Since the Starship was designed, I grappled with the idea of a simplified Starship with less complexity in construction. To do this, I decided to eliminate one set of horizontal stabilizers. During the design phase, it was determined that the canards would be retained while the rear horizontal stabilizers would be discarded. In addition, to save weight, I decided to have the canards strung through the fuselage, rather than mounted on spars. To reduce wing loading, I enlarged the wing of the Starship by adding an extra inboard row to the main wing for greater lifting area. To compensate for the increased wing area and absence of the rear horizontal stabilizers--as well as improve performance at high speed--I decided to fit the design with twin vertical stabilizers. The design of these fins was recycled from that of the F/A-18 Hornet replica in order to reduce complexity. I prototyped the concept, and with some minor modifications, it was ready to fly.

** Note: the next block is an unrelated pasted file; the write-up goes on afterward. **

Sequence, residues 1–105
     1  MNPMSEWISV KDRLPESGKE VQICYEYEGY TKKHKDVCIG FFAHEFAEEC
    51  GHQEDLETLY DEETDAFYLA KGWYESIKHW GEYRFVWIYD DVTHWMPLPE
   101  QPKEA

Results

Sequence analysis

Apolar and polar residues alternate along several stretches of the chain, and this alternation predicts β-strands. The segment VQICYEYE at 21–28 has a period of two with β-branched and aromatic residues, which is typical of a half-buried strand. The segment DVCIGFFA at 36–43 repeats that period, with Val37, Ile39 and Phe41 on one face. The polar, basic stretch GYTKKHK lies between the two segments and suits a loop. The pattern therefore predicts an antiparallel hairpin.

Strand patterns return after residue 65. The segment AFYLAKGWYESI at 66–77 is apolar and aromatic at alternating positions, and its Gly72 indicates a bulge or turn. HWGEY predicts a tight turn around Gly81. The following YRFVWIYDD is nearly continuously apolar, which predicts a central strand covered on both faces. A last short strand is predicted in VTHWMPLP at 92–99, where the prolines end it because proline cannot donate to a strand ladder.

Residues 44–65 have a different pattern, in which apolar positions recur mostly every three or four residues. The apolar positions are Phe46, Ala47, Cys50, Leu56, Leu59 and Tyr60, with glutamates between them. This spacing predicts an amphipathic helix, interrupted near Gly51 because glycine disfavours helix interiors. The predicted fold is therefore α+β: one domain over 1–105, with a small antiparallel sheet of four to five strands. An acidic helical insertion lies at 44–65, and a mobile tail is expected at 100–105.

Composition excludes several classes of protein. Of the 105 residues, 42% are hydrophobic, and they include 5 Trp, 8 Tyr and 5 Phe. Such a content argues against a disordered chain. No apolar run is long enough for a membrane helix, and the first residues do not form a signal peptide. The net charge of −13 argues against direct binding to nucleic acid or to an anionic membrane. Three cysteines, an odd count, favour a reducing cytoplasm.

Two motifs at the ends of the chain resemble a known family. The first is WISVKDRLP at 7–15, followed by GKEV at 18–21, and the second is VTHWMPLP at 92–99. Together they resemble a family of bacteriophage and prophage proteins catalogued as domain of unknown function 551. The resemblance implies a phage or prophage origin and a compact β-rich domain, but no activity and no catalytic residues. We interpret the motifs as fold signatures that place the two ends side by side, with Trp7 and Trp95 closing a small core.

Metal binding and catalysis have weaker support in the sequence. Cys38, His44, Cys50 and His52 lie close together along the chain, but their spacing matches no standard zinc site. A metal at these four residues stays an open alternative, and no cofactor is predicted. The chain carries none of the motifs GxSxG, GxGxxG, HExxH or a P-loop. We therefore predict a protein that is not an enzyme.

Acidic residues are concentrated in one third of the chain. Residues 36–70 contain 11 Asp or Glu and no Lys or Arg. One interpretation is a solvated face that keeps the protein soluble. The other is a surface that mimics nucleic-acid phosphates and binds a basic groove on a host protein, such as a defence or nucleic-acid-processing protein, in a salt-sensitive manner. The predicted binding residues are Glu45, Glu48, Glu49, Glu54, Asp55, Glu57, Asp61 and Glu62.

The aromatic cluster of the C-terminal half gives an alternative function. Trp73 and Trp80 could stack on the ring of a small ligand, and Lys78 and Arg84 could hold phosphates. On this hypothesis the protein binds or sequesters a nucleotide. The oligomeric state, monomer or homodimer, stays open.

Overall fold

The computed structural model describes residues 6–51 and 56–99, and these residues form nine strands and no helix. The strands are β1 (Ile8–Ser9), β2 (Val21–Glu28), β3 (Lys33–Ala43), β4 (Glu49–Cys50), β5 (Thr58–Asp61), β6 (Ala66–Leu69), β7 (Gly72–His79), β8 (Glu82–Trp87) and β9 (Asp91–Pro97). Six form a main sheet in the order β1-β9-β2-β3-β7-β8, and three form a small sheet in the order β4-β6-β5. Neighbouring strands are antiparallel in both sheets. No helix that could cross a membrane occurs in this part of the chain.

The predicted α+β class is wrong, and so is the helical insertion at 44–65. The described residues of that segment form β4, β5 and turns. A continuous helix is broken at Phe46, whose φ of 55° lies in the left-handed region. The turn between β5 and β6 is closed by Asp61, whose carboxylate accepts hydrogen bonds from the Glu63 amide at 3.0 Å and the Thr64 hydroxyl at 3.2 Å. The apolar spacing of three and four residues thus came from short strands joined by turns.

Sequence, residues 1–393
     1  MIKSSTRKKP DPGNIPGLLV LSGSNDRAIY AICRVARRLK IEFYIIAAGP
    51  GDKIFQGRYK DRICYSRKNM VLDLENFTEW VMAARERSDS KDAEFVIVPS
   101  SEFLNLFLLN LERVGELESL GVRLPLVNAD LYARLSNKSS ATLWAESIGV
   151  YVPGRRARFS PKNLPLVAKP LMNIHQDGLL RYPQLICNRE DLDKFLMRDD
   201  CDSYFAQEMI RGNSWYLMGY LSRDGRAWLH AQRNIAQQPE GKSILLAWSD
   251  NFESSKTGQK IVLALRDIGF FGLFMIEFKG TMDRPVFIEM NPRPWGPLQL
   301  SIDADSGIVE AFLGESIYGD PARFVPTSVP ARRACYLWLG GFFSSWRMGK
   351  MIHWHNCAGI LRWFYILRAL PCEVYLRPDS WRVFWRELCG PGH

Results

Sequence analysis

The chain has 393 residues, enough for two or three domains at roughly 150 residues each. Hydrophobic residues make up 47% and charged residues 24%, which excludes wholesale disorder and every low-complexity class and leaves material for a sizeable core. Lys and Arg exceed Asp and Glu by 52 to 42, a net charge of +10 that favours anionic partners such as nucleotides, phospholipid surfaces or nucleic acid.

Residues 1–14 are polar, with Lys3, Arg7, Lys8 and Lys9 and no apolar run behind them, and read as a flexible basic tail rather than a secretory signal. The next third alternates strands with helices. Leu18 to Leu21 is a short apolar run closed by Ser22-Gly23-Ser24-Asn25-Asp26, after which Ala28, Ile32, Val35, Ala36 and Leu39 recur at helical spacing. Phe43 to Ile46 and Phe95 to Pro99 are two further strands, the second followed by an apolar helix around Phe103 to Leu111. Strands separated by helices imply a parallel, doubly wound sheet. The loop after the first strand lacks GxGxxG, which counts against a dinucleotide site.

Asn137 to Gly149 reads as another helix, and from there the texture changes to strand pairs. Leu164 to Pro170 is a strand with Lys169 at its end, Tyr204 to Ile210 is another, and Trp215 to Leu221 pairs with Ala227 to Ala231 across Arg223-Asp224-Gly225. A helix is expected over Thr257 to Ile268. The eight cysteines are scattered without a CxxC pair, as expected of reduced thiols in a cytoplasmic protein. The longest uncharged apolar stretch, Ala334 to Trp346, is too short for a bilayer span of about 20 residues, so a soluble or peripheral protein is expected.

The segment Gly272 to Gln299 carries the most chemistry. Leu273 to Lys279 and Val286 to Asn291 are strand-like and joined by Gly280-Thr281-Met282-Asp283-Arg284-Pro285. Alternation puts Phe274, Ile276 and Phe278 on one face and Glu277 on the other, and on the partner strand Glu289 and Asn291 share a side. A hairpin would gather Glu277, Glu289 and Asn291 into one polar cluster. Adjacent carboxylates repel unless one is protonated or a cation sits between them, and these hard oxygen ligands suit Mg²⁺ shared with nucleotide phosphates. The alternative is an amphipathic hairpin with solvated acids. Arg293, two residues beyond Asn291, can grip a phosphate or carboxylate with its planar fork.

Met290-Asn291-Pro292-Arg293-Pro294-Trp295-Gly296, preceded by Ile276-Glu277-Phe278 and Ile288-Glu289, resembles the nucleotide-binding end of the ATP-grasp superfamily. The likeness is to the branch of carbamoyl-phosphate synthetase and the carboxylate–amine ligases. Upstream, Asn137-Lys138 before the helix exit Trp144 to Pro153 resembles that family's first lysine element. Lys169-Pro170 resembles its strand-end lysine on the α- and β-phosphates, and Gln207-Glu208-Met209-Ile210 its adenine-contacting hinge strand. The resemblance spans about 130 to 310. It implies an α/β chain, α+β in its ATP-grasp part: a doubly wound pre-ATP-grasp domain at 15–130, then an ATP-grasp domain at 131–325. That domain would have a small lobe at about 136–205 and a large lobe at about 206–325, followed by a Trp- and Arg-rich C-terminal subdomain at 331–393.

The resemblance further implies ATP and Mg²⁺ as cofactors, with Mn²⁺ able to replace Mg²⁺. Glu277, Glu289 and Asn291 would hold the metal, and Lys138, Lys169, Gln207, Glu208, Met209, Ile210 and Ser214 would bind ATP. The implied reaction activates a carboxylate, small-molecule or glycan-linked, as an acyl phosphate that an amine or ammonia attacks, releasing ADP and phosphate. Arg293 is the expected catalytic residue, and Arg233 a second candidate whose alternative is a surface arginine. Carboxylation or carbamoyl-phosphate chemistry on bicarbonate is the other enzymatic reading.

TAA USAF Designation D305-1
Step 1: Materials
1 Piece of 8 by 10.5 inch graph paper
Step 2: Begin Construction
After the fuselage is made, take another sheet of paper that is folded in half along the lines of boxes. Mark out the wing as shown (3 by 6 boxes, plus 1 row of boxes at the crease). Beyond the first row, the rate of chord decay on the leading edge should be 2 boxes of chord every 3 boxes of span. Beyond the first row, the rate of chord decay on the trailing edge should be 1 box every 3 boxes of span. Then mark out the horizontal stabilizers as 2 by 3, plus a swept portion with a sweep of 1 box of chord decaying every 3 boxes outwards from the wing root. To make the canards, measure 3 boxes at the root; the rate of chord decay on the leading edge should be 1 box of chord every 2 boxes of span. The rate of chord decay on the trailing edge should be 1 box every 4 boxes of span. Then cut these out.
Solid lines indicate places to cut. Dotted lines indicate fold lines.
Note: 1 box = 0.25 inches